Unsung Heroines: Single Mothers and the American Dream

Unsung Heroines: Single Mothers and the American Dream

Unsung Heroines: Single Mothers and the American Dream

Unsung Heroines: Single Mothers and the American Dream

Synopsis

This compelling book destroys the derogatory images of single mothers that too often prevail in the media and in politics by creating a rich, moving, multidimensional picture of who these women really are. Ruth Sidel interviewed mothers from diverse races, ethnicities, religions, and social classes who became single through divorce, separation, widowhood, or who never married; none had planned to raise children on their own. Weaving together these women's voices with an accessible, cutting-edge sociological and political analysis of single motherhood today, Unsung Heroines introduces a resilient, resourceful, and courageous population of women committed to their families, holding fast to quintessential American values, and creating positive new lives for themselves and their children. What emerges from this penetrating study is a clear message about what all families--two-parent as well as single parent--must have to succeed: decent jobs at a living wage, comprehensive health care, and preschool and after-school care. In a final chapter, Sidel gives a broad political-economic analysis that provides historical background on the way American social policy has evolved and compares the situation in the U.S. to the social policies and ideologies of other countries.

Excerpt

The denigration and demonization of single mothers has deep roots in American culture. Mothers without husbands have been looked upon with suspicion and hostility since the time of the earliest settlers. Today’s concerns about the weakening of the traditional family and about related issues such as single motherhood, divorce, sexual permissiveness, teenage pregnancy, and abortion have formed a central theme in American society for generations. Both the early Settlement Laws and the Colonial Poor Laws of seventeenth-century America punished husbandless women and unwed mothers, differentiating between the “deserving” and the “undeserving.” During the early years of the twentieth century, programs to help the poor stated that only “fit and worthy” women would receive help; these generally were white widows.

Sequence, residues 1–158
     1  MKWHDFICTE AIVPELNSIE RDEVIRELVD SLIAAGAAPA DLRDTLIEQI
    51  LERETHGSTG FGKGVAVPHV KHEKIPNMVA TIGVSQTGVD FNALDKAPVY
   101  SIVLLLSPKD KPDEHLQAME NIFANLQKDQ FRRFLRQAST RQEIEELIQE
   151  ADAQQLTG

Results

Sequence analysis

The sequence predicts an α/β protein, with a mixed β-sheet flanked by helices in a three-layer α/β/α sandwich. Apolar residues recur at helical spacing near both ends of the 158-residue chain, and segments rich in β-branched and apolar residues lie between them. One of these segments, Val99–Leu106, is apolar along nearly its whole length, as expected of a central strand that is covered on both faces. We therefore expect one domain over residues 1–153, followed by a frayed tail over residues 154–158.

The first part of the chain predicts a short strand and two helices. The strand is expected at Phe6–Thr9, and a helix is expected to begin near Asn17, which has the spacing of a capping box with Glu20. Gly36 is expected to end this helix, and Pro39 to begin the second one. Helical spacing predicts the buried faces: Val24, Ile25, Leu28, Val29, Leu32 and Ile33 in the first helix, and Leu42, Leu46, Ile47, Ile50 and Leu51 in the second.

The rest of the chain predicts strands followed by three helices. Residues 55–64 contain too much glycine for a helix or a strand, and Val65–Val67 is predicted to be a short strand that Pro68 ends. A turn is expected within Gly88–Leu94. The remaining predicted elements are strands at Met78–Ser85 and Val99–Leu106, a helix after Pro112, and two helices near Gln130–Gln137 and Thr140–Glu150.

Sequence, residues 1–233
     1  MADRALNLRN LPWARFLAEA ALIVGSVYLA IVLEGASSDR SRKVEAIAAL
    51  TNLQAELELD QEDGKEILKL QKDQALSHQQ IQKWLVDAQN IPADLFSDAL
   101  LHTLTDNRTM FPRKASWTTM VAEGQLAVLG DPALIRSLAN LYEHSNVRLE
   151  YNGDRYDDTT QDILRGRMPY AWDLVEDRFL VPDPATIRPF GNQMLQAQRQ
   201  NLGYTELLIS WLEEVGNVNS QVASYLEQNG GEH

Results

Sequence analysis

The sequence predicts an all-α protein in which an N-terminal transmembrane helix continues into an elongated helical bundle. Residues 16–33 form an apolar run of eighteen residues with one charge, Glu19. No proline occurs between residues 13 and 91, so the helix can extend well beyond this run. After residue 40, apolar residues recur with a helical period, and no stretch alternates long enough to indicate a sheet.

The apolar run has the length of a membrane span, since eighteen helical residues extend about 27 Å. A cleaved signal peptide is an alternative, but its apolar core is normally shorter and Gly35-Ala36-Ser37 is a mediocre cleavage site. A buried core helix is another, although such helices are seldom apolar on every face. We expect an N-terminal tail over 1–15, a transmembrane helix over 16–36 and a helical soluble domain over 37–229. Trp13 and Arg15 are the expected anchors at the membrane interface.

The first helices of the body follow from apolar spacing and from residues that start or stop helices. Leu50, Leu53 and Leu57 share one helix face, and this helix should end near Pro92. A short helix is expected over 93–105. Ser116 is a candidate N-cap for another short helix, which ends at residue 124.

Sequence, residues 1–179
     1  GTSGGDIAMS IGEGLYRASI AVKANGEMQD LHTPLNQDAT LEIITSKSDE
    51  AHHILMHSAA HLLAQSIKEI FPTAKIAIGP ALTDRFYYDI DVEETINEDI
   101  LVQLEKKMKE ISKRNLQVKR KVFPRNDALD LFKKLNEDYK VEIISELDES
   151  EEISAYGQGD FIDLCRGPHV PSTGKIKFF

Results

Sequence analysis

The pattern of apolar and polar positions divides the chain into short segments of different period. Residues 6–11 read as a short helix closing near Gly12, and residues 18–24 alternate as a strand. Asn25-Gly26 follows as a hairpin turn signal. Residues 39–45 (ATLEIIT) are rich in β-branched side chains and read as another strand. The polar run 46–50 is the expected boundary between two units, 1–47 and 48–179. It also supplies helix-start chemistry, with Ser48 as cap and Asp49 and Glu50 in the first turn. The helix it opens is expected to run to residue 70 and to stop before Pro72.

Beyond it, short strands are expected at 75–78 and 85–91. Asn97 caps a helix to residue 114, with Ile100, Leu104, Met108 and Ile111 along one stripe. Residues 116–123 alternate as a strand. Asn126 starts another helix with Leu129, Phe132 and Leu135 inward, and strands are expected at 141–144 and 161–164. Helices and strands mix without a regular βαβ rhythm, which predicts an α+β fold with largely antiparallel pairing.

The recent period of intensified concern about single motherhood was spurred by the ascendancy of conservative ideology in the United States as marked by the election of Ronald Reagan as president. Rapid social change during the 1970s and 1980s—increasing numbers of single mothers, especially women having children outside marriage; a significant increase in teenage pregnancy and birth; a continuing high divorce rate; and fundamental changes in the roles and status of women—contributed to the anxiety about social issues. Reagan’s infamous labeling of poor women as “welfare queens” was accompanied by significant cutbacks in essential social services, particularly for poor women and chil-

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